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An integrated transcriptome and expressed variant analysis of sepsis survival and death.

Tsalik EL, Langley RJ, Dinwiddie DL, Miller NA, Yoo B, van Velkinburgh JC, Smith LD, Thiffault I, Jaehne AK, Valente AM, Henao R, Yuan X, Glickman SW, Rice BJ, McClain MT, Carin L, Corey GR, Ginsburg GS, Cairns CB, Otero RM, Fowler VG, Rivers EP, Woods CW, Kingsmore SF - Genome Med (2014)

Bottom Line: Patient factors including genetics predispose to poor outcomes, though current clinical characterizations fail to identify those at greatest risk of progression and mortality.Expression of 1,238 genes differed with sepsis outcome: non-survivors had lower expression of many immune function-related genes.The presence of variants was associated with altered expression of 3,799 genes, primarily reflecting Golgi and endosome biology.

View Article: PubMed Central - PubMed

Affiliation: Emergency Medicine Service, Durham Veterans Affairs Medical Center, Durham, North Carolina 27705 USA ; Department of Medicine, Duke University Medical Center, Durham, NC 27710 USA.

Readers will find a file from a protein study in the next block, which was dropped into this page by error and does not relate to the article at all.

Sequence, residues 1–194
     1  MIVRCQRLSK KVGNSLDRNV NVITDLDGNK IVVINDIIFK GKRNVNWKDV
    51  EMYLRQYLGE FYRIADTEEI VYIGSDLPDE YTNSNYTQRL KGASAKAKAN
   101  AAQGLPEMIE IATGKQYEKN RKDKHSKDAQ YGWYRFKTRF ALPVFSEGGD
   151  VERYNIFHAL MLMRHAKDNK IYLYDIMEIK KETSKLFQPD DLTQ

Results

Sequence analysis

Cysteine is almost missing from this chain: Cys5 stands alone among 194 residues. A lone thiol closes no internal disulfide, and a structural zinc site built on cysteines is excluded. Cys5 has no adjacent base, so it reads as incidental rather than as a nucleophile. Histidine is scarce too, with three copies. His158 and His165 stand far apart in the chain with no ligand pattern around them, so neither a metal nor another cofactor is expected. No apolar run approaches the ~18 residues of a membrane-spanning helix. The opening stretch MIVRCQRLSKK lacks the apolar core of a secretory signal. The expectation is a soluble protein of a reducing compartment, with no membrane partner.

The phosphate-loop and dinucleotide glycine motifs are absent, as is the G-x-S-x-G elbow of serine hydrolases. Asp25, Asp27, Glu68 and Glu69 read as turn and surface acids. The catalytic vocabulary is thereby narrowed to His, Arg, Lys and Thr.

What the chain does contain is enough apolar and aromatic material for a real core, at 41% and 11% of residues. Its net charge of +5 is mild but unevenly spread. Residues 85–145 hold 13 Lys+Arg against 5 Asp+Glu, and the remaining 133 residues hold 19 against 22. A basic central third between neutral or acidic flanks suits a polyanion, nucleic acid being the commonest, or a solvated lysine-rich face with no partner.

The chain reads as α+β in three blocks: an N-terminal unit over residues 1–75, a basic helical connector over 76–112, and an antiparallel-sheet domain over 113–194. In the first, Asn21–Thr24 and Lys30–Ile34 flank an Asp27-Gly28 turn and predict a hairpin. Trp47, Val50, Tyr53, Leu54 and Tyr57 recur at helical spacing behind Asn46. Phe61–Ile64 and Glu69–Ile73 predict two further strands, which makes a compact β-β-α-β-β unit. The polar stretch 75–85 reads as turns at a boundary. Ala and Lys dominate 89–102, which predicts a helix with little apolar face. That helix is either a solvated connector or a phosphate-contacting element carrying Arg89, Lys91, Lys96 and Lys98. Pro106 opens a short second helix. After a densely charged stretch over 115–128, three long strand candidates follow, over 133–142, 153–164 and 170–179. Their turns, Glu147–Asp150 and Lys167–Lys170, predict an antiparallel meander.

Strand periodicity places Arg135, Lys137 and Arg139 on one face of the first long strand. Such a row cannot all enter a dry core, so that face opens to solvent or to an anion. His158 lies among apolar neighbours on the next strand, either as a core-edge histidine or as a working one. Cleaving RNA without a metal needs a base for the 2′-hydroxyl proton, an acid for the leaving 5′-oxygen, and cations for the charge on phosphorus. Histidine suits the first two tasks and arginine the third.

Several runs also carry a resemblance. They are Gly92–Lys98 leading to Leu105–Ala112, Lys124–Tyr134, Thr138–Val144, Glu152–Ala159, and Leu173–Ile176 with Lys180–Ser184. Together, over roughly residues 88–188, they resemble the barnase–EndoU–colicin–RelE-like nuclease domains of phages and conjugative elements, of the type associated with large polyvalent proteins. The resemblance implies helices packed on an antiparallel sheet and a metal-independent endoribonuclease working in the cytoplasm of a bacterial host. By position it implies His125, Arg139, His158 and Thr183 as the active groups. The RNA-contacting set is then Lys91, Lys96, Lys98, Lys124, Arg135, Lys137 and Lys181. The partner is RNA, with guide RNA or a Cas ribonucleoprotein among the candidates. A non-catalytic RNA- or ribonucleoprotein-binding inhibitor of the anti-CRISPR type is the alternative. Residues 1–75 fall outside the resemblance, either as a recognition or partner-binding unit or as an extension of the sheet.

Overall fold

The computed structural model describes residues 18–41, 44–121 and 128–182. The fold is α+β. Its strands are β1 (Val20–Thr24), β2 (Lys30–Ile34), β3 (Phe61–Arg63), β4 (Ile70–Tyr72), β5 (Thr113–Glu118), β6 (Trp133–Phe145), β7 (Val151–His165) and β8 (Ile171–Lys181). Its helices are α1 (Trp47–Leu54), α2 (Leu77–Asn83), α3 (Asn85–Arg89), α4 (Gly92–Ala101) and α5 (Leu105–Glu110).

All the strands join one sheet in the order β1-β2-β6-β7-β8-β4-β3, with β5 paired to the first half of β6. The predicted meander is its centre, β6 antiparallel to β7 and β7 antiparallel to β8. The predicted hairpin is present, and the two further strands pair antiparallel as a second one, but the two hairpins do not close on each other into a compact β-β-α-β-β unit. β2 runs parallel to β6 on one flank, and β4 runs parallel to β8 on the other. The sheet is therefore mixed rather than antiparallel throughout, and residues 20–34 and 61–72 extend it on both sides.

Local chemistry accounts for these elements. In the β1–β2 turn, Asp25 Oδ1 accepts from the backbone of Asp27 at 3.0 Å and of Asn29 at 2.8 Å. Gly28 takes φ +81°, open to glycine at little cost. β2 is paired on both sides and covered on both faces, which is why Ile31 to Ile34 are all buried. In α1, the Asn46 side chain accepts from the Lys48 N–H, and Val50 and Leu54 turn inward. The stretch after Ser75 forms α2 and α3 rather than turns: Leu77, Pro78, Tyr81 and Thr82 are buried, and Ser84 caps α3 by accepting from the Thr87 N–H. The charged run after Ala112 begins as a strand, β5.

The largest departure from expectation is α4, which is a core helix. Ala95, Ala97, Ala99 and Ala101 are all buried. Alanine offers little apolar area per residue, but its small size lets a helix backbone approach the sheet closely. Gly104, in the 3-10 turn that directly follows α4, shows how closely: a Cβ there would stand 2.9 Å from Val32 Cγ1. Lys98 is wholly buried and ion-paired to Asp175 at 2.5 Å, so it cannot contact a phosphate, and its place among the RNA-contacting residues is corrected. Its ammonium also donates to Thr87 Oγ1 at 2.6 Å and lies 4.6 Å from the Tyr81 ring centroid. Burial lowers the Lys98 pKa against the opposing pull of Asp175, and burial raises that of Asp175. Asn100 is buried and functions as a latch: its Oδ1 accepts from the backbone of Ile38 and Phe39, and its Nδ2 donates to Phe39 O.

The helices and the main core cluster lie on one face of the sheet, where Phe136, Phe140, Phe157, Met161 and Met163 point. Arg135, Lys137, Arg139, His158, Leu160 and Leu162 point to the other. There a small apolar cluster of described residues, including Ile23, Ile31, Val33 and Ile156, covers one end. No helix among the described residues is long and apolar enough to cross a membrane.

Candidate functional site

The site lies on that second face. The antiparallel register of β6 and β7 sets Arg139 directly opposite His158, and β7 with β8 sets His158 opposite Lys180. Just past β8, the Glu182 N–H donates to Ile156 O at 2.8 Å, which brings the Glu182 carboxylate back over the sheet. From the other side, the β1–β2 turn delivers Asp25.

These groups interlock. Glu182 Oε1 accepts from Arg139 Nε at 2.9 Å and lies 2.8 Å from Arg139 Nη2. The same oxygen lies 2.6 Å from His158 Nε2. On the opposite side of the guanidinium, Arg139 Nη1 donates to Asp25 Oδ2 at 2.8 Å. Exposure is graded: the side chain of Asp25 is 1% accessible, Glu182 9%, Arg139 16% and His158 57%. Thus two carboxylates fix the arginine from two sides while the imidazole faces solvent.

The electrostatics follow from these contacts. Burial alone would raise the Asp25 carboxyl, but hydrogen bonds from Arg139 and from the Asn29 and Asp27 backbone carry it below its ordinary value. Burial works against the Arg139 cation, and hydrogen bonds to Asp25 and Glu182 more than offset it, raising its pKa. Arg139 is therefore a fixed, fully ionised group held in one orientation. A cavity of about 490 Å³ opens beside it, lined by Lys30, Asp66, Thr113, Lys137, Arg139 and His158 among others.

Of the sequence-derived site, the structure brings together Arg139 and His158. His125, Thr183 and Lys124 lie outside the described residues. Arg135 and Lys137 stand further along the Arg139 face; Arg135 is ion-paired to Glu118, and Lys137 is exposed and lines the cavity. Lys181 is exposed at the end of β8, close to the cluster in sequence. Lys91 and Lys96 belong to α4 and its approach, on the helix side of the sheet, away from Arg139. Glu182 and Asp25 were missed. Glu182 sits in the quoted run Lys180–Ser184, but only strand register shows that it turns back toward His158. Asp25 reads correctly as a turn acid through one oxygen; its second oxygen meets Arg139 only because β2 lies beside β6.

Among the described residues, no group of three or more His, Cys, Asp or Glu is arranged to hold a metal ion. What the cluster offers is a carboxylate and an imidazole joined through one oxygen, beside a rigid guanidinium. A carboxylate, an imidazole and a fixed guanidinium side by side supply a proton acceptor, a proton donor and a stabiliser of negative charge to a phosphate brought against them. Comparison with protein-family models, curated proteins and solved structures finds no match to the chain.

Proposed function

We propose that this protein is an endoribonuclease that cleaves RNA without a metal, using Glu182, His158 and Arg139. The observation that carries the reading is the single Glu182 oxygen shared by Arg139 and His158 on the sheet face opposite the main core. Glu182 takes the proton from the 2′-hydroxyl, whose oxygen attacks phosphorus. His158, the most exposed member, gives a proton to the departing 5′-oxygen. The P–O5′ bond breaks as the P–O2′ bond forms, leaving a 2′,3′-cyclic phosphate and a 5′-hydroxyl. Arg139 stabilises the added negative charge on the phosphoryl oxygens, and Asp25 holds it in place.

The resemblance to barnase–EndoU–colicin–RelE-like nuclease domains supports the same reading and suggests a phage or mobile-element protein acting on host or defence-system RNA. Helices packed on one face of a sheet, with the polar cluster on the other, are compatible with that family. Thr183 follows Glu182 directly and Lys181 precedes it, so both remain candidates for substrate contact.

ABSTRACT

Background: Sepsis, a leading cause of morbidity and mortality, is not a homogeneous disease but rather a syndrome encompassing many heterogeneous pathophysiologies. Patient factors including genetics predispose to poor outcomes, though current clinical characterizations fail to identify those at greatest risk of progression and mortality.

Methods: The Community Acquired Pneumonia and Sepsis Outcome Diagnostic study enrolled 1,152 subjects with suspected sepsis. We sequenced peripheral blood RNA of 129 representative subjects with systemic inflammatory response syndrome (SIRS) or sepsis (SIRS due to infection), including 78 sepsis survivors and 28 sepsis non-survivors who had previously undergone plasma proteomic and metabolomic profiling. Gene expression differences were identified between sepsis survivors, sepsis non-survivors, and SIRS followed by gene enrichment pathway analysis. Expressed sequence variants were identified followed by testing for association with sepsis outcomes.